You don’t make a burnt offering, hold a seance, check the entrails of a goat, read the tea leaves, or prey for supernatural guidance back to your keys. Standing still and praying about finding them does not produce practical results; no divine intervention happens and you quickly learn that spending time and effort appealing to unseen authorities wastes time that could be used productively to locate the missing keys. You use reality to arbitrate the location of your keys without giving your perceptual limitations and unseen agencies even a second thought; you fully allow the keys to arbitrate their location. And this method works reliably well, doesn’t it? Be honest!

      In fact, if you were to find the keys hanging from the lock you would not refuse to believe that were there and continue to insist through metaphysical reasoning that you were fully justified to continue to believe that they were still on the table but merely hiding, or that an unseen other-world agency was responsible for their mystical translocation and revelation to you (because you’re special and the agency loves you). You would not find it reasonable if others insisted that finding your keys in a different location could be interpreted to mean that this invisible agency was in need of your submission to its authority, that it was the one true path you need to guide you in morality and ethics. You would dismiss these claims by others as nothing more than directions to Crazy Town.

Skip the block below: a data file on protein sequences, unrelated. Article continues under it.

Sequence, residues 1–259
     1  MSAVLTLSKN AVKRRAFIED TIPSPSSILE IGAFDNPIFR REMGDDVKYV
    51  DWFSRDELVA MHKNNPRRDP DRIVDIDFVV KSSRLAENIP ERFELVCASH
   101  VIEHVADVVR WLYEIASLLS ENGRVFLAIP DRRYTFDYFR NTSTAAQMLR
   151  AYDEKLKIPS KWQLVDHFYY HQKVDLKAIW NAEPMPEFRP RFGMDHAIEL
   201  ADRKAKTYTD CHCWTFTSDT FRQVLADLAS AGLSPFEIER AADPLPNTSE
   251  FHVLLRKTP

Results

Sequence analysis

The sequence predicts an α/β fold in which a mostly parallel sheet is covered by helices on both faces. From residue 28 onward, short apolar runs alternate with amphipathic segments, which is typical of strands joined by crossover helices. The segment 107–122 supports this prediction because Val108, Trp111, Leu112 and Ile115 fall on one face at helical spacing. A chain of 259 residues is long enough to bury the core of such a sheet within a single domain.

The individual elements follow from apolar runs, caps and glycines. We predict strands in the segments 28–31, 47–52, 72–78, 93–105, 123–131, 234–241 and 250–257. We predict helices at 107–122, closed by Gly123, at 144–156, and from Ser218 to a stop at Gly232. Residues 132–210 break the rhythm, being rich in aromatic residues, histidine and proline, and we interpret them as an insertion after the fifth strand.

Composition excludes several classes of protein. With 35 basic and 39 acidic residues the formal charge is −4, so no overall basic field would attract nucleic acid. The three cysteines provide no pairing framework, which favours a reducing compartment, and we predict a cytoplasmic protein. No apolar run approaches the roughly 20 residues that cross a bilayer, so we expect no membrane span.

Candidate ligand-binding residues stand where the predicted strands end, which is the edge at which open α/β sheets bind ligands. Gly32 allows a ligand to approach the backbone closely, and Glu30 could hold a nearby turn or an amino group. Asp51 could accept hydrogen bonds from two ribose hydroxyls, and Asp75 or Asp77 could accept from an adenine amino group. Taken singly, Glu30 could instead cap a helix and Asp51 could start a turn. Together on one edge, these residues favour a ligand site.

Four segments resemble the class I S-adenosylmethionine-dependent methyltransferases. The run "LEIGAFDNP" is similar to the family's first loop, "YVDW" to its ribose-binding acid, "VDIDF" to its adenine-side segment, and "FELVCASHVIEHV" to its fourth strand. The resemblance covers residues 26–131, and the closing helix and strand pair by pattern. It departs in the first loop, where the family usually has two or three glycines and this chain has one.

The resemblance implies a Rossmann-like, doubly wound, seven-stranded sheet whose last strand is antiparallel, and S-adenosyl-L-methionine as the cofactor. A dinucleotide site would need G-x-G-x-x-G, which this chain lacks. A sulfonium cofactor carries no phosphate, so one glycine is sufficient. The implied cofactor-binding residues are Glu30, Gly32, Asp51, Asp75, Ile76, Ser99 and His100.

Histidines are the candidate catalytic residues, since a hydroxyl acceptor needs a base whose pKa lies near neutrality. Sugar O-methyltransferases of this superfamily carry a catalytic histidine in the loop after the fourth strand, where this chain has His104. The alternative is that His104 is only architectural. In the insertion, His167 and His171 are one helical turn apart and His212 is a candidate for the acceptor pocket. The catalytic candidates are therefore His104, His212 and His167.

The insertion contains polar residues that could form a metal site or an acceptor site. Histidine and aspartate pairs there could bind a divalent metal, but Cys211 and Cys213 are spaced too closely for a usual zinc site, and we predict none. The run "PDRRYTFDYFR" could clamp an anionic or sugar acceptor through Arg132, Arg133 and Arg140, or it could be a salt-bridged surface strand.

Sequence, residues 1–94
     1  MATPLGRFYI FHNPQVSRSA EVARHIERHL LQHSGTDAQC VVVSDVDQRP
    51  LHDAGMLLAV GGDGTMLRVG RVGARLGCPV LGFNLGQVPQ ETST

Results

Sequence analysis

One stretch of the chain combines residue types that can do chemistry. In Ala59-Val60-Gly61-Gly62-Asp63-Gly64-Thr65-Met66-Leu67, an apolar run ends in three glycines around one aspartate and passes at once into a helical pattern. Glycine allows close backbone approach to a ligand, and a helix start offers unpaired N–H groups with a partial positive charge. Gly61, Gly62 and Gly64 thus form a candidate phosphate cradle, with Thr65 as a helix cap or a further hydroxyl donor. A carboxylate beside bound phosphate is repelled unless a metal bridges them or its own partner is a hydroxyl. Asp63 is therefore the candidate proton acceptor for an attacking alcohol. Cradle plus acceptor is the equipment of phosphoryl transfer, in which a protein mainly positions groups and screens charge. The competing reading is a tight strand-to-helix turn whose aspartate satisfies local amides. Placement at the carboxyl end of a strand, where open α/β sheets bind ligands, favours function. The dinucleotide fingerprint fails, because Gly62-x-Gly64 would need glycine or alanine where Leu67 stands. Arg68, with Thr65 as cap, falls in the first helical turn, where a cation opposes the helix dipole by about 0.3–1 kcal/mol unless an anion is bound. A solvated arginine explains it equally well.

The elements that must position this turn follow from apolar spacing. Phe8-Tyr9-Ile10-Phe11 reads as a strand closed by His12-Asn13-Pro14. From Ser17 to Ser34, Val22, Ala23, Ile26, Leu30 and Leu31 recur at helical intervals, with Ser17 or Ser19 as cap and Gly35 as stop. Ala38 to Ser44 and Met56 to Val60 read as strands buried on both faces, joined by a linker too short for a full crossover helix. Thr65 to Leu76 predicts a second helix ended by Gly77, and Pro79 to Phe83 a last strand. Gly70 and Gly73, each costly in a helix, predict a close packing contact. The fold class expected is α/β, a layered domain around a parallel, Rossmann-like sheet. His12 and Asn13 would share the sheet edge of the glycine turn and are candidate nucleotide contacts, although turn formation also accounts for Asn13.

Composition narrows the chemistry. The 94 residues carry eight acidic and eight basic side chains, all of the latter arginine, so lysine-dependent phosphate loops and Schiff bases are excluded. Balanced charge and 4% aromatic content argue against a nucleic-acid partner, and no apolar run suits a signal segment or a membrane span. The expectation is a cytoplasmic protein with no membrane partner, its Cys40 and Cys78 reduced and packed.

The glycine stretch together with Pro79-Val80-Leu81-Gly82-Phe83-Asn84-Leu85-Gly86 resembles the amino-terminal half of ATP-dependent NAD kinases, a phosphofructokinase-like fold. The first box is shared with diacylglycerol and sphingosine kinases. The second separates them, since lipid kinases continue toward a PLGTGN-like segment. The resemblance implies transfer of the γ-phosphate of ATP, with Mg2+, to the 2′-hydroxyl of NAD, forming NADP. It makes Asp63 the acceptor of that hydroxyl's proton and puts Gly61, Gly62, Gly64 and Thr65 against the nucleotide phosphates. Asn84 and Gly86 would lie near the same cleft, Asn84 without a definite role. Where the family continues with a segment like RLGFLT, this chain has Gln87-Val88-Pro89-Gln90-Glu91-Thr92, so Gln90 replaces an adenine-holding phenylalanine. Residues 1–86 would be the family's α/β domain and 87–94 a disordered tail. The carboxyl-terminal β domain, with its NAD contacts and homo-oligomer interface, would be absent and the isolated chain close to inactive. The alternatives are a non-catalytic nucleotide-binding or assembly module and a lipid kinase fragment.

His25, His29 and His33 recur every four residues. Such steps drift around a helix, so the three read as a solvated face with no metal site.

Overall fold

For whatever shortcomings your senses may have, you know by experience that your beliefs alone are far more untrustworthy in every area of your life in any fair comparison…. every area, that is, except religion where you – not reality – determine that untrustworthy, untested, unverified belief that produces nothing practical that works in reality suddenly becomes the highest virtue here but only here.

      This is a rather important clue, don’t you think?

  4. What is unique to Christians, is that they have found a way to deal with the problem of sin and the guilt that goes with it. They have found this in something outside themselves.